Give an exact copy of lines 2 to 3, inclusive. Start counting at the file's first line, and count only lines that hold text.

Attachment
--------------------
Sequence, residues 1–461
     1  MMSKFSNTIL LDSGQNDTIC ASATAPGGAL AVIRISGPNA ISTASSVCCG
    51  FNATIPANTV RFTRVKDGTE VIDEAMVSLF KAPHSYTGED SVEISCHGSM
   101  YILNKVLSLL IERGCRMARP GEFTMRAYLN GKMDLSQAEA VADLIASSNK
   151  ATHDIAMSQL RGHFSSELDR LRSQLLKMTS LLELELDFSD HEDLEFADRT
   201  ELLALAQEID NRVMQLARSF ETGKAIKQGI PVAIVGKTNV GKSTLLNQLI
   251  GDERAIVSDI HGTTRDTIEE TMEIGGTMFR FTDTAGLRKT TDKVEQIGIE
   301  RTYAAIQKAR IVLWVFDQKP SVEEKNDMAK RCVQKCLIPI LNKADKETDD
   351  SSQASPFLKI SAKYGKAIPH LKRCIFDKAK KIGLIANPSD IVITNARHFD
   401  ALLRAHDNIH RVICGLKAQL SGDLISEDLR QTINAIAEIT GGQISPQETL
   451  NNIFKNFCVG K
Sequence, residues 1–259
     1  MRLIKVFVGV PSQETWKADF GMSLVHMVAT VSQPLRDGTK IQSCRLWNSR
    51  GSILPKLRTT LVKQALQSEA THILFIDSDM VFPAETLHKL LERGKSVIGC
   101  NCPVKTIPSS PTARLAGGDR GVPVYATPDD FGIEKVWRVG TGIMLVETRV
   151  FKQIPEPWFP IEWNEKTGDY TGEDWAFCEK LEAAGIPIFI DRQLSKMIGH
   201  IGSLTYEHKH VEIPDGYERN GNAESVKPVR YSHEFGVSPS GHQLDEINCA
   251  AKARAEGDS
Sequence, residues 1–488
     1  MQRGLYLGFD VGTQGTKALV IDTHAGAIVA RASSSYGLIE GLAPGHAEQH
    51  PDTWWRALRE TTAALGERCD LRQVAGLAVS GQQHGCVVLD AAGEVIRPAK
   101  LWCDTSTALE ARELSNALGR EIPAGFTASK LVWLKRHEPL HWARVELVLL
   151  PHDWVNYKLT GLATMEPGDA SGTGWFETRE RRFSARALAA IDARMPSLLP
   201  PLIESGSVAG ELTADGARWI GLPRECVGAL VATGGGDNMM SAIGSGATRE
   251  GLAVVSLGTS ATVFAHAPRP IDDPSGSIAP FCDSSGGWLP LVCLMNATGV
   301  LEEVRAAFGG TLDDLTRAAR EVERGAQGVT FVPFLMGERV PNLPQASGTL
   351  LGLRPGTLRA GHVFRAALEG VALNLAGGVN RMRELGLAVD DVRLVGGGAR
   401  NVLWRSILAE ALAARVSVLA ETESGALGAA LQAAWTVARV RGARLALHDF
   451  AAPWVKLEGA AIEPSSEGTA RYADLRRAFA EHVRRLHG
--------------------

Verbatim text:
     1  MMSKFSNTIL LDSGQNDTIC ASATAPGGAL AVIRISGPNA ISTASSVCCG
    51  FNATIPANTV RFTRVKDGTE VIDEAMVSLF KAPHSYTGED SVEISCHGSM